He looked at me, grinned and just ran, ran, ran.

Want to save this recipe? Click the bookmark icon below the serving size at the top of this page, then go to My Reading List in your washingtonpost.com user profile.

Collard Greens and Potato Soup With Chile Oil

The Milk Street team created this soup with the classic Portuguese soup caldo verde in mind, but skipped the sausage to keep the focus on the vegetables. Feel free to add sausage, vegan or not, if you’d like a hit of protein.

Storage Notes: The soup and the strained chile oil can be refrigerated, separately, for up to 1 week.


Ingredients

  • 1/2 cup plus 2 tablespoons grapeseed or another neutral oil, divided
  • 2 1/2 teaspoons red pepper flakes
  • 2 1/2 teaspoons sweet or smoked paprika, divided
  • 2 garlic cloves, chopped
  • 1 teaspoon dried oregano
  • 2 small sprigs fresh rosemary, divided
  • 3/4 teaspoon freshly ground black pepper, divided, plus more to taste
  • 12 ounces red or Yukon Gold potatoes, scrubbed and cut into 1/2-inch chunks
  • 1 medium carrot, scrubbed, trimmed and cut into 1/2-inch pieces
  • 1 teaspoon fine sea salt or table salt, plus more to taste
  • 1 pound collard greens, stemmed and torn into 1-inch pieces
  • 6 cups low-sodium vegetable broth
  • 1 tablespoon red wine vinegar or sherry vinegar

Step 1

In a small saucepan over medium-low heat, combine 1/2 cup of oil, the red pepper flakes, 1 1/2 teaspoons of paprika, the garlic, oregano, 1 rosemary sprig and 1/4 teaspoon of black pepper. Cook, stirring occasionally, until the oil is aromatic and bright red, 5 to 7 minutes. Remove from the heat and let it steep while you make the soup.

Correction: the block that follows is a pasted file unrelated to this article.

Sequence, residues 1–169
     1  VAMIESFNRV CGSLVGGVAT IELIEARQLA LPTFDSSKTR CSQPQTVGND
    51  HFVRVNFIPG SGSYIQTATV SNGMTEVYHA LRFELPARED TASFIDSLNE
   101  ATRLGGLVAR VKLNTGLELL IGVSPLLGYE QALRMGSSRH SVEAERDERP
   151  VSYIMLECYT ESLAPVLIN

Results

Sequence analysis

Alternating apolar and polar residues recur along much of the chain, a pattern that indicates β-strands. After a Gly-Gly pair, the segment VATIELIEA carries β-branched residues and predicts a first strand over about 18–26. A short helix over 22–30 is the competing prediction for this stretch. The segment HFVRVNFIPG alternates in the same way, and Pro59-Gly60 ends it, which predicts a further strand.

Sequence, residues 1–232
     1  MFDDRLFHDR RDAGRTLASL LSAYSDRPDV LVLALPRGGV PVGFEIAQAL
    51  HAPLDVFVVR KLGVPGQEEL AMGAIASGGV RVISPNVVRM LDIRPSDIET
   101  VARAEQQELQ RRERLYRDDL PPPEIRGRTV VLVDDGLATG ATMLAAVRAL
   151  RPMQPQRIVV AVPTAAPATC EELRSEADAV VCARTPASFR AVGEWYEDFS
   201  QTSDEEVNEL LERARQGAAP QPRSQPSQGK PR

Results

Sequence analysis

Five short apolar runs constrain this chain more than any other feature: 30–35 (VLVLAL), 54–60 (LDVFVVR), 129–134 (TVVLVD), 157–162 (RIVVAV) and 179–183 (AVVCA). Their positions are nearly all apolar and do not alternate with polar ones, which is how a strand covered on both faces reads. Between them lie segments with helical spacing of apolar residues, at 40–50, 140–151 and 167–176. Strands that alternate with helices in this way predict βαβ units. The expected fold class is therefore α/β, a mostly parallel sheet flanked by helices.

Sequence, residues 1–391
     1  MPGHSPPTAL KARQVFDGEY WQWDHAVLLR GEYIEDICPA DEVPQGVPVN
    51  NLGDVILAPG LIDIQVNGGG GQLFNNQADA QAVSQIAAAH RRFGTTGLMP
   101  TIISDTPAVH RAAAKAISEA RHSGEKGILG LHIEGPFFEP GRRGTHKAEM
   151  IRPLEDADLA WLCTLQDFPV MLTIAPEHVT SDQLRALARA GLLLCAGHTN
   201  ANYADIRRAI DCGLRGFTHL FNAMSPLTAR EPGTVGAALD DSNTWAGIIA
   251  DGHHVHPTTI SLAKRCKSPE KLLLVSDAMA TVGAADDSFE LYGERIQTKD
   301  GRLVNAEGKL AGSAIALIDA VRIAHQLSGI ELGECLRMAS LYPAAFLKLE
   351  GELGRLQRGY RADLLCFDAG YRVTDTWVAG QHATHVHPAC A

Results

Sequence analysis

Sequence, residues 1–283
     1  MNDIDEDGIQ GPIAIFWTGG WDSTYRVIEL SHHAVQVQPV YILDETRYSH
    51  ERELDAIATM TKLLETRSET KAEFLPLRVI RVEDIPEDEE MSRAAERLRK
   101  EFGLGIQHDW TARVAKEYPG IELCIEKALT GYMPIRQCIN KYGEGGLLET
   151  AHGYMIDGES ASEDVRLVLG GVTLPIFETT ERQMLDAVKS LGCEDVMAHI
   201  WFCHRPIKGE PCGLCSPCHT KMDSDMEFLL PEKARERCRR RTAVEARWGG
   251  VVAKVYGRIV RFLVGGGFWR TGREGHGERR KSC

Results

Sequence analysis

Step 2

In a large pot over medium-high heat, heat the remaining 2 tablespoons of oil until shimmering. Add the potatoes, carrot, the remaining rosemary sprig, the remaining 1 teaspoon of paprika, the salt and the remaining 1/2 teaspoon of black pepper. Cook, stirring occasionally, until the potatoes are lightly browned, 3 to 5 minutes. Add the collards and cook, stirring occasionally, until slightly wilted, about 3 minutes.


Step 3

Pour in the broth, increase the heat to medium-high and bring to a boil. Cover, reduce the heat to low and cook, stirring occasionally, until the collards are completely tender and the potatoes break apart when pressed, about 30 minutes.


Step 4

Remove the pot from the heat and discard the rosemary. Stir in the vinegar, then taste and season with additional salt and/or black pepper, if desired.


Step 5

Pour the infused oil through a fine-mesh strainer set over a small bowl, pressing on the solids to extract as much oil as possible.


Step 6

Ladle the soup into bowls, drizzle with the oil and serve hot.


Nutrition Information

Per serving (2 cups soup plus 2 tablespoons chile oil)

Calories: 434; Total Fat: 35 g; Saturated Fat: 3 g; Cholesterol: 0 mg; Sodium: 839 mg; Carbohydrates: 28 g; Dietary Fiber: 8 g; Sugar: 2 g; Protein: 5 g

This analysis is an estimate based on available ingredients and this preparation. It should not substitute for a dietitian’s or nutritionist’s advice.


Adapted from “Milk Street Vegetables” by Christopher Kimball (Voracious, 2021).

Tested by Joe Yonan; email questions to voraciously@washpost.com.

Did you make this recipe? Take a photo and tag us on Instagram with #eatvoraciously.